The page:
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How to Watch the 2017 Super Bowl Without a Cable Subscription


It’s that time of year again: time for the Super Bowl. What do you do if you don’t have a cable or satellite subscription? Don’t worry: there are plenty of ways to tune into the Big Game.

This year, Super Bowl LI (that’s 51 in case your Roman numerals skills are rusty) pits the Atlanta Falcons vs the New England Patriots in Houston, Texas on Sunday, February 5. Kickoff is slated for 6:30 PM Eastern Time (3:30 PM Pacific). And, just in case you’re wondering, this year’s halftime entertainment will be provided by Lady Gaga.

If you’re not interested in any of that, however, you can still tune in for what has now become a time-honored Super Bowl tradition: the commercials.

If you’ve been using an NFL Game Pass subscription and a VPN to stream games all season long, you should be good to go. But most users will probably use one of the options below to watch the big game.

Option One: Tune in to FOX with a Digital Antenna

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Many of you have probably been using your HDTV to watch Netflix, HBO NOW, and other streaming services. But don’t forget that once upon a time, we all got our TV from old-fashioned antennas. And they’re still around.

This year’s Super Bowl is being televised on FOX, which like other broadcast networks, can be plucked from the airwaves for free if you have a digital antenna.

If you don’t, you can find a decent digital antenna on Amazon or at your local electronics store for around $20-$40. Most of these can be affixed to the wall, stood or laid on a shelf or table, or attached to the exterior of your home. Which antenna you get will depend on your location, though, so check out our guide to digital antennas for more info.

Once installed and hooked up to your television, it’s just a matter of tuning your TV to your local FOX affiliate.

It may take some finagling to get your antenna just right but once you do, you shouldn’t be able to tell the difference between the over-the-air source and what you see via cable or satellite.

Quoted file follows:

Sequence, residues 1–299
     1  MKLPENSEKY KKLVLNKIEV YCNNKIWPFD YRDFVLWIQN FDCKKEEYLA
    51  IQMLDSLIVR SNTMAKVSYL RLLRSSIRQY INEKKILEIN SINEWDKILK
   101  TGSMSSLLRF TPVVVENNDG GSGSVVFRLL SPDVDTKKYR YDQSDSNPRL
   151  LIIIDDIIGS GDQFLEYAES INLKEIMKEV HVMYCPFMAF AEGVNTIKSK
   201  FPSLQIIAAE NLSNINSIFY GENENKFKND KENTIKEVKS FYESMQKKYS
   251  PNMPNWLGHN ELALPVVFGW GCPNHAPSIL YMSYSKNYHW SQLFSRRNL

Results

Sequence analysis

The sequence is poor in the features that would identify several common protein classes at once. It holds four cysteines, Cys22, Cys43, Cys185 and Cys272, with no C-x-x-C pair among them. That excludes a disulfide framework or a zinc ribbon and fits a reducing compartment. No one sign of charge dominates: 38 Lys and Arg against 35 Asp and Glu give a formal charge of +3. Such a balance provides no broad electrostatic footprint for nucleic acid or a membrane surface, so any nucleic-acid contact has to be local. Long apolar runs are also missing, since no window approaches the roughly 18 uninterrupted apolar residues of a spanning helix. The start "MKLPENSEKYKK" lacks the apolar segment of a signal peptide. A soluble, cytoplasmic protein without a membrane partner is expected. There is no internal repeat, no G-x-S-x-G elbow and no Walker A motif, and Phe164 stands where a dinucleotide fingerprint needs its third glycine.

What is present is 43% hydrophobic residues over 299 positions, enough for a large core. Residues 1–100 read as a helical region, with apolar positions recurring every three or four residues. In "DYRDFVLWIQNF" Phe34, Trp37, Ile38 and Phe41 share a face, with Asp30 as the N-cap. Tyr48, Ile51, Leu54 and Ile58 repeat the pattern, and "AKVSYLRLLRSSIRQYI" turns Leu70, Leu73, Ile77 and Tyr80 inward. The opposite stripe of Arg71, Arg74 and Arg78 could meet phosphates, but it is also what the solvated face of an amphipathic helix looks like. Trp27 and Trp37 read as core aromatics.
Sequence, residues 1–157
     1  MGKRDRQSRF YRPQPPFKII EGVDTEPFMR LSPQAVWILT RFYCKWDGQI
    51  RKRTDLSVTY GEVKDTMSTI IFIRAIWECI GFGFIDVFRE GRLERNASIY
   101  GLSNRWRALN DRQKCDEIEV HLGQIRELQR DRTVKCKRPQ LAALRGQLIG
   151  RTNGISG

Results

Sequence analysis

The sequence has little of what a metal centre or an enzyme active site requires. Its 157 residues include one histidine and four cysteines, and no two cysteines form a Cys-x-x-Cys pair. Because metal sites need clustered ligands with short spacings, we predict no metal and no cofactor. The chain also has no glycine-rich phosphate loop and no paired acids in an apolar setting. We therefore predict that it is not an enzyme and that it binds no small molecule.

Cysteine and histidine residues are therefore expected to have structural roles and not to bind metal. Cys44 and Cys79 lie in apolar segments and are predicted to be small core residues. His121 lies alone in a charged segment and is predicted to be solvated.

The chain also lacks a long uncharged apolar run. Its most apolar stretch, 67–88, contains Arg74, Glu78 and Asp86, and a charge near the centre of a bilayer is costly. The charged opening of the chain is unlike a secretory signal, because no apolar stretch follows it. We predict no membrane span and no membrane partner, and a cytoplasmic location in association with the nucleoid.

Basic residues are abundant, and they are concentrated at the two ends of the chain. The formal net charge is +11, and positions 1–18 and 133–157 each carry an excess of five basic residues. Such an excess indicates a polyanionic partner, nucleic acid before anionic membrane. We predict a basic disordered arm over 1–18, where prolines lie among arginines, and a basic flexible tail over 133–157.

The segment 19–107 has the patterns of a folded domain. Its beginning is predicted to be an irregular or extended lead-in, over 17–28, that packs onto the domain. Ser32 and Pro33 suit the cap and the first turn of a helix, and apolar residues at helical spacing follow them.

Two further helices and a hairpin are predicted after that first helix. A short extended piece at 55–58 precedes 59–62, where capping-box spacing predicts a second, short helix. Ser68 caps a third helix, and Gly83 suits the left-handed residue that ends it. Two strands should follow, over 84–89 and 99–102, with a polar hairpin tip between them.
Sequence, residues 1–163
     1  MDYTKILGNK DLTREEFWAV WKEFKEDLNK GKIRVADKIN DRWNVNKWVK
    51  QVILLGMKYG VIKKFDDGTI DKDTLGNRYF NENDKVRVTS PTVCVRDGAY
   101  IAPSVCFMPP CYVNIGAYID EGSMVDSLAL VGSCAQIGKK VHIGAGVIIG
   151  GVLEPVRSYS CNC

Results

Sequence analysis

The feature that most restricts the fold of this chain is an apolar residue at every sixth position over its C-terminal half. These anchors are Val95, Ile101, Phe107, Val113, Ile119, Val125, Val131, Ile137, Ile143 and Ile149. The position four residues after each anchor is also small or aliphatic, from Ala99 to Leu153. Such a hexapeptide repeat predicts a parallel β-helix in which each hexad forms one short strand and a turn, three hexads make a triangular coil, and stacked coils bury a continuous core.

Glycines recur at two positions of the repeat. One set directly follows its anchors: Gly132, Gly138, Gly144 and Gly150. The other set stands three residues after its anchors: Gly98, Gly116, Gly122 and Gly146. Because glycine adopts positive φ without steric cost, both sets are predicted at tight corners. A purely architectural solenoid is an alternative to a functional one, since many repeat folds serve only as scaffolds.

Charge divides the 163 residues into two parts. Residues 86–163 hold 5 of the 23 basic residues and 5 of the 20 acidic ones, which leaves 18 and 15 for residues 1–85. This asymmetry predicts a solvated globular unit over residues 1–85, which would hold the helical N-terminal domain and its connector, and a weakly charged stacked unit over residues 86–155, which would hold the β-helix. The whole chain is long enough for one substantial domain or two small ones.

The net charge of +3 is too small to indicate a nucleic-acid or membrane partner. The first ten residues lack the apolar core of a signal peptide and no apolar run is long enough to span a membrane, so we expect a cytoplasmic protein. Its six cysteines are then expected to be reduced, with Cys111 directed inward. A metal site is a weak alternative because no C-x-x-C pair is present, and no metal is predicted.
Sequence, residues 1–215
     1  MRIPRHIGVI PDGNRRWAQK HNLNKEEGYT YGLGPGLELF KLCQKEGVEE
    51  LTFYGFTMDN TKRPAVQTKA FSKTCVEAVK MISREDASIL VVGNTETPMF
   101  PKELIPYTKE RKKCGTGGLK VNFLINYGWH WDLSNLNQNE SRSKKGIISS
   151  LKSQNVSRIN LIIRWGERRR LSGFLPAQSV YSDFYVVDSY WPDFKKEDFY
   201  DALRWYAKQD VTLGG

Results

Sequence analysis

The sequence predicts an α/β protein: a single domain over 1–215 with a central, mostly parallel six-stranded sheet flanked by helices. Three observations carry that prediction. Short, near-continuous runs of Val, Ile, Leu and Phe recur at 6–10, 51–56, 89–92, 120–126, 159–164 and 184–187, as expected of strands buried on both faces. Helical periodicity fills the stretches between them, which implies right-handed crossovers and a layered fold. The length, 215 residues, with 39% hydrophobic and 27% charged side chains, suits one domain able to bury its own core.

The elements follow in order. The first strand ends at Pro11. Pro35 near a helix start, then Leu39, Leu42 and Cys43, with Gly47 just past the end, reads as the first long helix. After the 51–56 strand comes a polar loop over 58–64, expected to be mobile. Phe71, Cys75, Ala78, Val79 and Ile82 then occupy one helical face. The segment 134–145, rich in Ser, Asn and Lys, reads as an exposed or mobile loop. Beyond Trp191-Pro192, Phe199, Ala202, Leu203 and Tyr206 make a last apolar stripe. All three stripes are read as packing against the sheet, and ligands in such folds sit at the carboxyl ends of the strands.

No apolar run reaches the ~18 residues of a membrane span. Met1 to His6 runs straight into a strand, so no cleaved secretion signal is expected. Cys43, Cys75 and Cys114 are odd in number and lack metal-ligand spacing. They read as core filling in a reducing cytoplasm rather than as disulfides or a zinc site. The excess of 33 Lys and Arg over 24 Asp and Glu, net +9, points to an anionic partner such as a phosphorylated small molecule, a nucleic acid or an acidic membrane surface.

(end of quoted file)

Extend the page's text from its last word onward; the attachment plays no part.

Option Two: Stream It on FOX Sports

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According to a spokesperson from FOX Sports, the Super Bowl will be free to stream on the FOX Sports website, no cable login required.

Some media outlets are reporting that you can watch the Big Game using the Fox Sports Go app on your phone or tablet as well, without having to prove you’re a cable or satellite subscriber. If you have a Chromecast, this is the best way to get the game to your TV (though casting from your computer’s browser will work in a pinch, too). Alternatively, you can also try connecting your computer directly to your TV.

Whether you can watch the Super Bowl this way overseas, however, is unclear. Fox Sports Go’s FAQ states that “limited FOX Sports programming is available overseas.” That’s pretty vague.

If you find you can’t stream the game overseas, now’s as good a time as any to sign up for a virtual private network (VPN). If you live outside the US, a VPN can route all your Internet traffic through a location inside the States, allowing you to stream the game. VPNs are pretty cheap, usually a few dollars a month, and afford you an extra layer of privacy, so it’s usually a good idea to use one anyway.

We recommend SurfEasy because it will provide great speeds and ease of use. If you want something with more advanced options, StrongVPN will appeal to power users. Regardless, any VPN that has servers in the United States should work.

Option Three: Go to a Sports Bar or a Friend’s House

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This last option is pretty obvious to some, but it might have never occurred to you. This coming Sunday, it’s going to be nearly impossible to go anywhere there is a TV and not find the Super Bowl playing.

So, while you might have had your heart set on watching it at home, if the above options don’t work for you, you can always go to a local eatery or—better yet—ask around and see if any of your friends are having a Super Bowl party. Chances are, you’ll find a TV with the game playing.

Image Credit: NFL, Mohu, Ben Miller/Flickr

Matt Klein is an aspiring Florida beach bum, displaced honorary Texan, and died-in-wool Ohio State Buckeye, who fancies himself a nerd-of-all-trades. His favorite topics might include operating systems, BBQ, roller skating, and trying to figure out how to explain quantum computers.


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